I’VE never been a trade unionist, but I know that it was trade union actions that forced wages up for everyone over the years. Therefore, I was delighted by the comment from Jim Malone of the Dundee Trade Union Group recently when he stated that Labour leader Keir Starmer is “part of a shady conspiracy” (Starmer ‘working in shadows against Scottish democracy’, The National, April 20).

The reality is finally sinking in that UK Labour will do anything to keep Scotland and its workers down. Even by supporting Tory policies.

That first 2000-strong Scotland United rally in George Square in the early 1990s to demand a Scottish parliament was under the auspices of the STUC and had (if I remember correctly) general secretary Campbell Christie and deputy Bill Spiers as speakers (with a young Tommy Sheridan around the corner addressing a few score from some office steps). They were instrumental in bringing me and many others into the heart of politics from the inert sidelines for the first time.

While it is an admirable quality to express solidarity with English “comrades” – as many in Scottish Labour do by wishing to remain in the UK – the fickle English workers of the so-called “red wall” who en masse voted Tory and gave Boris Johnson a huge majority might temper that solidarity somewhat.

Those “red wallers” demonstrate that while Scotland is subservient to England, we will never be free of the unenlightened, grasping entitlement of successive Tory governments. Attlee, Wilson/Callaghan, Blair/Brown, all were deposed when England deserted democratic socialism for feudal forelock-tugging.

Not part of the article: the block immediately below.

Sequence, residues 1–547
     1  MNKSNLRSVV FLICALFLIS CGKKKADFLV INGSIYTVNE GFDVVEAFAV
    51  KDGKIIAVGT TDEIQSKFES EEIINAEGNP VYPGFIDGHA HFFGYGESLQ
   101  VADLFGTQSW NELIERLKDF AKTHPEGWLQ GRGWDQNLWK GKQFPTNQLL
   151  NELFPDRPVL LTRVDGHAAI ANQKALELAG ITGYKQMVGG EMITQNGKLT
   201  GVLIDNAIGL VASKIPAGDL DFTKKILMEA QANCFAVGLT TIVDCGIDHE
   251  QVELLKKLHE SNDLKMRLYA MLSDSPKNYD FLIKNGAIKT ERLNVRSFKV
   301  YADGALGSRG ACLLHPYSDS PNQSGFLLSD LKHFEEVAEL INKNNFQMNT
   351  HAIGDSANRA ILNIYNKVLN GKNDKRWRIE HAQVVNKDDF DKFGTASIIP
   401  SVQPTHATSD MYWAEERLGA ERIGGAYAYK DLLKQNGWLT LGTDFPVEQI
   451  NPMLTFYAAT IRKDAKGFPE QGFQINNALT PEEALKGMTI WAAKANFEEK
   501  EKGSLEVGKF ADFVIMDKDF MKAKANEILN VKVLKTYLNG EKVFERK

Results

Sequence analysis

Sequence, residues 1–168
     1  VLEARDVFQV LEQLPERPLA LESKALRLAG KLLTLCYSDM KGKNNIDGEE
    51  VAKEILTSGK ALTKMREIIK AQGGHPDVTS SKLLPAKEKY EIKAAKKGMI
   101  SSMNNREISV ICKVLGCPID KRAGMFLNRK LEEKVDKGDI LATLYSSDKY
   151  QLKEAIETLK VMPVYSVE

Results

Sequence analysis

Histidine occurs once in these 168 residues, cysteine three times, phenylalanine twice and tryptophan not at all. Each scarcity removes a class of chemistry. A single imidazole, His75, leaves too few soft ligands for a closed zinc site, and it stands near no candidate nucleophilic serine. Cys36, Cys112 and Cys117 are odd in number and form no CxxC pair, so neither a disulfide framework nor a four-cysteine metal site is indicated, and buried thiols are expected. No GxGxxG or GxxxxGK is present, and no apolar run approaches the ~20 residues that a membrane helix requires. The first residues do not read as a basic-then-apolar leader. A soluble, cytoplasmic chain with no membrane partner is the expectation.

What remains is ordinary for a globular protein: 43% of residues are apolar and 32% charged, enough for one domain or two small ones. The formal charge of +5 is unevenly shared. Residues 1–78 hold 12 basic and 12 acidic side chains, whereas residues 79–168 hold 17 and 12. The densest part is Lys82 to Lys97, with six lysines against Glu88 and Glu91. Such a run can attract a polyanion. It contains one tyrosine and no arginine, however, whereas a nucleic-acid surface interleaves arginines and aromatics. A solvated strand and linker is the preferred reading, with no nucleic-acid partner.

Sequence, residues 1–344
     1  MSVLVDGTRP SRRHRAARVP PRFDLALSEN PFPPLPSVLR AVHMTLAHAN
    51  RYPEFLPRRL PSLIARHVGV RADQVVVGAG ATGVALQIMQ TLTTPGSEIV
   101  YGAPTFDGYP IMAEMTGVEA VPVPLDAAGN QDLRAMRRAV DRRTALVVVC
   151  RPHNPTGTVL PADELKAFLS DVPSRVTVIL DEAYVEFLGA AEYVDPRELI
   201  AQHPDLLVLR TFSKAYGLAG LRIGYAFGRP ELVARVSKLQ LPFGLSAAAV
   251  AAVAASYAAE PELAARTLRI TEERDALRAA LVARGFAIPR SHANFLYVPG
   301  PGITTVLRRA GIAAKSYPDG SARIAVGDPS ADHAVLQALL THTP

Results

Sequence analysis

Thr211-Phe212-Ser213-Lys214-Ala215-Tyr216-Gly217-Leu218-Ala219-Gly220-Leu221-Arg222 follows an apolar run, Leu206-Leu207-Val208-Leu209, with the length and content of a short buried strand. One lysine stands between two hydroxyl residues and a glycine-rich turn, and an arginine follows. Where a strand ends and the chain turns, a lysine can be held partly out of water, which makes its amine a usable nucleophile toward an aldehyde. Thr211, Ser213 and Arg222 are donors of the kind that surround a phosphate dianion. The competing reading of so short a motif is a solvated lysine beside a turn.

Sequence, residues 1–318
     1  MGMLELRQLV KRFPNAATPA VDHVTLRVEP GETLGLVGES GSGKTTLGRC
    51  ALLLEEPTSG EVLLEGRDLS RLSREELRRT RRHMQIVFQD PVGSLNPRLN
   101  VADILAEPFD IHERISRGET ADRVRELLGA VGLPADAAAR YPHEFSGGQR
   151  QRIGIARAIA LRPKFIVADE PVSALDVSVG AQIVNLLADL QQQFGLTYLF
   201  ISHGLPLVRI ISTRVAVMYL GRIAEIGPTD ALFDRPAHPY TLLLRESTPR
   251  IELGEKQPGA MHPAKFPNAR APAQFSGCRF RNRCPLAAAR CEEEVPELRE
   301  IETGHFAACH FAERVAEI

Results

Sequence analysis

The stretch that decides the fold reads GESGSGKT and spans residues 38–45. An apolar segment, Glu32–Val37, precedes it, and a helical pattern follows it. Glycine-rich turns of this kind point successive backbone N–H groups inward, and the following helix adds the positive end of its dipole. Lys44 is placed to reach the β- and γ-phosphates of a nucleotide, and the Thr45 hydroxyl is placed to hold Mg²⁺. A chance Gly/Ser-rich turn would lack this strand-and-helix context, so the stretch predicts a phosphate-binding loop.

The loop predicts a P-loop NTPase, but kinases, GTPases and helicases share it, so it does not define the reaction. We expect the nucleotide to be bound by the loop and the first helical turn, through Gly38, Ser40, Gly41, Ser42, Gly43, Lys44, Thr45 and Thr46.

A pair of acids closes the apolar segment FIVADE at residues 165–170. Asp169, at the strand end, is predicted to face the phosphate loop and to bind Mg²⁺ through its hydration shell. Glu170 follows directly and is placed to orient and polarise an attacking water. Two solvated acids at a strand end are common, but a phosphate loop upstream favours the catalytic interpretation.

So why do some in the Scottish Labour movement still support the Union and empire when they have given us only de-industrialisation, exploitation and grief? Do they expect a different outcome the next time history shows us our inevitable fate if we stay in the Union? Why do they expect Starmer and his North British placeholder Sarwar (who can be fired in an instant like so many other Scottish leaders when they fail to toe the English line) to be different “next time”?

Like England’s Mick Lynch, might a leader like the RMT’s Scottish organiser, Gordon Martin (who commented in an article in the same edition of the National) be prepared to step up and lead the trade unionists of Scotland? He’s a Yesser, member of no political party, and sounds like he’s up for a fight.

Because the only way for a Scotland that hasn’t voted Tory at a General Election since 1959, to be free of treacherous Westminster Tory governments (are Labour now all that different?) is to be independent and fully free of the UK.

For the workers. For the people. For Scotland.

Alan Laird


RECENT commentators have noted that given the UK’s appalling growth figures we are the economic “sick man” of Europe, hurtling back to the 1970s. While we can indeed appropriately boast this label, with the UK predicted to be one of the worst-performing economies this year, it is rather an insult to the 1970s to describe this current financial situation as heading back to those days.

The 1970s were an economic golden age when compared with the economic mire we are currently in, with economic growth eclipsing the situation currently. Our economic woes are set to worsen further as the EU and US pump trillions of pounds into green technologies.

The US is spending more than £310 billion on subsidies and tax incentives under the Inflation Reduction Act, and the EU is pledging to looking at following suit. In contrast, the UK’s response to this has been derisory, and several British manufacturers are now considering investing in the US given the billions on offer to support electric vehicles and green energy companies.

The UK equivalent of an Inflation Reduction Act is desperately required, allowing the UK to compete with the US and the EU. If we fail to achieve that, we will continue to fall even further behind as companies look to more appealing overseas investment opportunities.

Alex Orr